A case of acute calcium pyrophosphate arthritis in two rare sites of involvement: The cervical facet and atlantoaxial joint
Department of Radiology, Eskişehir Osmangazi University, Faculty of Medicine, Eskişehir, Turkey
Keywords: Atlantoaxial joint, calcium pyrophosphate dihydrate, facet joint, magnetic resonance imaging
Calcium pyrophosphate dihydrate deposition (CPPD) disease, also known as pseudogout, in which crystals are deposited in the joints and/or soft tissues, leads to a variety of articular and periarticular disorders. Herein we report a 67-year-old female patient with neck pain who was diagnosed as CPPD disease of both the atlantoaxial joint and right C4-C5 facet joint with radiological findings. The combined use of computed tomography and magnetic resonance imaging can be helpful in establishing a diagnosis and providing the correct treatment.
The crystal arthropathies including hydroxyapatite crystal deposition disease (HADD), calcium pyrophosphate dihydrate deposition (CPPD) disease, and monosodium urate crystals (gout) in which crystals are deposited in the joints and/or soft tissues lead to a variety of articular and periarticular disorders. Acute CPPD arthritis is the most notable manifestation of CPPD disease, while CPPD can also result in asymptomatic disease or chronic CPPD arthropathies.
The CPPD disease usually occurs in the major joints such as the knee, hip, wrist, and pubic symphysis. However, CPPD disease in the spine is a rare entity.[4-9] This article describes the case of a patient with neck pain who was diagnosed as CPPD of the atlantoaxial joint and right C4-C5 facet joint with radiological findings.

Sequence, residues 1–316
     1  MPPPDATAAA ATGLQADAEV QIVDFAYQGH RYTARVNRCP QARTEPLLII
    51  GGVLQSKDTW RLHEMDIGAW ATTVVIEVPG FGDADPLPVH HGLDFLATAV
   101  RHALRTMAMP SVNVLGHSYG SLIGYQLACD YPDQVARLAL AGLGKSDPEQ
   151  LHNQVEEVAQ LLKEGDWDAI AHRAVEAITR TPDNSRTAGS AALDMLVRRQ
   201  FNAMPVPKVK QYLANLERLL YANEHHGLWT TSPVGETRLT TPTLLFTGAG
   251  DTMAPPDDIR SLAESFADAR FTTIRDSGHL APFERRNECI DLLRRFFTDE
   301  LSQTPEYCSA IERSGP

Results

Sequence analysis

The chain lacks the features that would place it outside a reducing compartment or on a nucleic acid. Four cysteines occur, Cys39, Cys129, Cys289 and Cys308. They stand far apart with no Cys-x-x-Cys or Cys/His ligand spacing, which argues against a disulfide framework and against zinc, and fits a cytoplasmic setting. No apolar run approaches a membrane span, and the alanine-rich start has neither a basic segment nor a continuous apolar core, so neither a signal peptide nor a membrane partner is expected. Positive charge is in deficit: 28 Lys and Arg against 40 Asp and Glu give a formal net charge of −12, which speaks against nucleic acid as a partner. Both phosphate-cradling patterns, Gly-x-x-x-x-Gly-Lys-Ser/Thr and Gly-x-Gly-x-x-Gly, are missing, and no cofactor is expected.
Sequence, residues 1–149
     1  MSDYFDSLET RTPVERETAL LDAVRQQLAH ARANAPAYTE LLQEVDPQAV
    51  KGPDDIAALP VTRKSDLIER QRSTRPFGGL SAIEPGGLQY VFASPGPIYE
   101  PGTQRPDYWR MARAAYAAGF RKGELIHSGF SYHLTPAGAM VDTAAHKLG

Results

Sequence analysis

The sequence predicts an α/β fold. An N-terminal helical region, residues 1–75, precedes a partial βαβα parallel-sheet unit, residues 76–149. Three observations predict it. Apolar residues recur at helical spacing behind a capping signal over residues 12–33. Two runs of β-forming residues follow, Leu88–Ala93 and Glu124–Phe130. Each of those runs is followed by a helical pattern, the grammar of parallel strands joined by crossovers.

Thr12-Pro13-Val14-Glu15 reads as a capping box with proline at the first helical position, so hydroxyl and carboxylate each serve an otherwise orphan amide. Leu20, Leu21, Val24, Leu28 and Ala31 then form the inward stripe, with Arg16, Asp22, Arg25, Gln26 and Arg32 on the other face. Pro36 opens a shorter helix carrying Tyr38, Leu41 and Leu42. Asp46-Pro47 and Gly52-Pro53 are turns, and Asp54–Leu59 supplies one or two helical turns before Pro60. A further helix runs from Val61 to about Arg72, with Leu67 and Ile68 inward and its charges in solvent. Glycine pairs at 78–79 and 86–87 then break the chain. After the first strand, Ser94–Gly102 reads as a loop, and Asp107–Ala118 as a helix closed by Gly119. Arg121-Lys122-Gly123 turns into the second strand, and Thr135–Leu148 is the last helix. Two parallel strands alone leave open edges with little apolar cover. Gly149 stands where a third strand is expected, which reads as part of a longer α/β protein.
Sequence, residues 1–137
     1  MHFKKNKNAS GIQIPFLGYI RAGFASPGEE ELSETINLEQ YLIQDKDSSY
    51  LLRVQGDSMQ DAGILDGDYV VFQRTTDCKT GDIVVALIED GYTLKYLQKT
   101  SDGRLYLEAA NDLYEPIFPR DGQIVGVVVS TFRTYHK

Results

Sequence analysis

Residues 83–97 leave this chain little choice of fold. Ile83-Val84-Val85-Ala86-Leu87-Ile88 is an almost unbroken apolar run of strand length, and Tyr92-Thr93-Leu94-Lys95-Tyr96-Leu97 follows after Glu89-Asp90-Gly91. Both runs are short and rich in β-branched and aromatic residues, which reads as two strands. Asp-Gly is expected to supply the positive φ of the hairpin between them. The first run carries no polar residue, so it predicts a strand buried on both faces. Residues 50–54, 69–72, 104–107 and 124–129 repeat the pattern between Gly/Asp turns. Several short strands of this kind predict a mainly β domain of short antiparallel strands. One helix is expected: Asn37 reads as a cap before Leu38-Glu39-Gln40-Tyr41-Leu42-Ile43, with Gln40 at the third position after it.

A 67-year-old female patient presented with one-month history of neck pain exacerbated by movement. On clinical examination, there was no motor weakness or sensory deficit. The patient was afebrile. On laboratory examination, the patient had normal hemoglobin levels, normal liver function test results, and normal results on uric acid, calcium, phosphorus, and urine analyses. Her erythrocyte sedimentation rate (ESR) was 15 mm/hour (normal, 0-10 mm/hour) and C-reactive protein (CRP) increased to 3 mg/dL (normal, 0-0.3 mg/dL). A written informed consent was obtained from the patient.
Magnetic resonance imaging (MRI) showed marrow edema within the dens, anterior arch of C1 and pathological contrast enhancement at periarticular soft tissue (Figure 1a-d). Computed tomography (CT) revealed periodontoid calcified deposits suggesting CPPD (Figure 1e). Magnetic resonance imaging also demonstrated bone marrow edema on C4-5 facet joint and perivertebral signal alteration adjacent to the facet joint (Figure 2). The patient was diagnosed as CPPD disease and started systemic antiinflammatory treatment (oral colchicine). At one-year follow-up, the neck pain gradually improved.
Calcium pyrophosphate dihydrate deposition disease, also known as pseudogout, is among many conditions that may result in crystal deposition in the joints and/or soft tissues. The incidence of CPPD disease increases with age, up to 45% for people 85 years of age or older. The idiopathic CPDD is the most common form of the CPPD disease. Calcium pyrophosphate dihydrate deposition disease can be associated with metabolic or endocrine disease including hyperparathyroidism, hemochromatosis, hypothyroidism, Wilson’s disease, and hypophosphatasia. Hereditary forms of the disease have also been reported.